Journal round-up: Value in Health 24(5)

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This issue is dominated by an impressive COVID-19 themed section featuring seven articles and an editorial focussed on the health economics of COVID-19. The editorial is well worth a read as it gives a summary of the key findings of the papers featured not just in this special COVID-19 themed issue but also in the journal’s previous themed section from November 2020. There are articles considering a wide range of economic issues, including the cost-effectiveness of different social distancing strategies, examination of the QALY losses averted by infection prevention, and the methodological challenges of interpreting imperfect trial data.

A paper by Towse et al. tackled the large and pressing question of how should the world pay for a coronavirus disease vaccine? In many affluent countries, vaccine development and distribution have made incredible progress, whilst much of the world has been left behind. To address this, the authors propose a collaborative market-based finance mechanism for the world to incentivise and pay for the development of, and provide access to, second and third-generation COVID-19 vaccines. The mechanism builds upon principles of HTA and cost-effectiveness and is referred to as the Benefit-Based Advance Market Commitment (BBAMC). It is too complex to outline here (10 stages!), and how it would work in practice remains to be seen, but it is certainly a worthwhile contribution.

My personal highlight is the policy discussion section, which includes only one paper, reviewing 10 years of NICE’s End of Life (EoL) criteria. This is of great interest personally as it is particularly relevant to my own previous research in the EoL context. The EoL criteria have always felt a bit arbitrary, lacking a proper evidence base, and likely to have unintended consequences. In essence, they shift the cost-effectiveness threshold from £20,000-£30,000 to £50,000 per QALY should certain EoL criteria be met. This paper reviewed all NICE single technology appraisals (STAs) between 2009 and 2019 and extracted data on EoL criteria and cost-effectiveness assessment. The review found a lack of consistency and transparency within STAs regarding EoL criteria assessment. Perhaps the least surprising finding (to a cynic like myself at least) is that they observed that most EoL technologies were priced between £30,000 to £50,000 per QALY, suggesting that companies may have adjusted their pricing strategy to the higher EoL cost-effectiveness threshold [shocked face]. The paper suggests that new guidelines should be introduced to improve transparency and consistency, and it provides various suggestions on how to achieve this.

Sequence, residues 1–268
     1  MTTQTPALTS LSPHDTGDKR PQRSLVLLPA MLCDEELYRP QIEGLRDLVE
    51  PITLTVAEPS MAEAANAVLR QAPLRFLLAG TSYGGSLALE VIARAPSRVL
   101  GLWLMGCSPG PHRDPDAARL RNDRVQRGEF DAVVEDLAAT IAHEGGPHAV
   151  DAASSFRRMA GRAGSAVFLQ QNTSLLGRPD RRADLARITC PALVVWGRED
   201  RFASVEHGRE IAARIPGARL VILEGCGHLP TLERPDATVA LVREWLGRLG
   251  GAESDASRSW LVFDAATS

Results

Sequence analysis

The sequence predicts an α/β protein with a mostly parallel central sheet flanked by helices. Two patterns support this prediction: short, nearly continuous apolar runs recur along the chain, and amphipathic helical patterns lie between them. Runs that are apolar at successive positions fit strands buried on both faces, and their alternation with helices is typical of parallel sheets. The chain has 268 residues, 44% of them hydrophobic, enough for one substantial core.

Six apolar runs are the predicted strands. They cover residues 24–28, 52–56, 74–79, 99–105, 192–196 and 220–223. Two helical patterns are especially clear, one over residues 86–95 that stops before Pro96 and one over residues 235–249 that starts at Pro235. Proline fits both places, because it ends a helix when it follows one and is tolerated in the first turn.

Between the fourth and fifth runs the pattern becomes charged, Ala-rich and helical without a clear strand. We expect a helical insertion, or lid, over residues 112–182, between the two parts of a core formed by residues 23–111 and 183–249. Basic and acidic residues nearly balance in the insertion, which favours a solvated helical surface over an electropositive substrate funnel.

This issue also features three cancer-related economic evaluations; one costing study for advanced breast cancer, one cost-utility analysis of different chemotherapy administration methods for oesophageal cancer, and one budget impact analysis of tyrosine kinase inhibitor discontinuation for those with chronic myeloid Leukaemia with sustained deep molecular response (not even sure what most of that means).

There are also two preference-based assessments, two systematic reviews, and two methodological papers, one of which considers how best to deal with missing data and looks very useful. Overall, this is a bumper issue, and Value in Health remains one of my favourite health economics journals.


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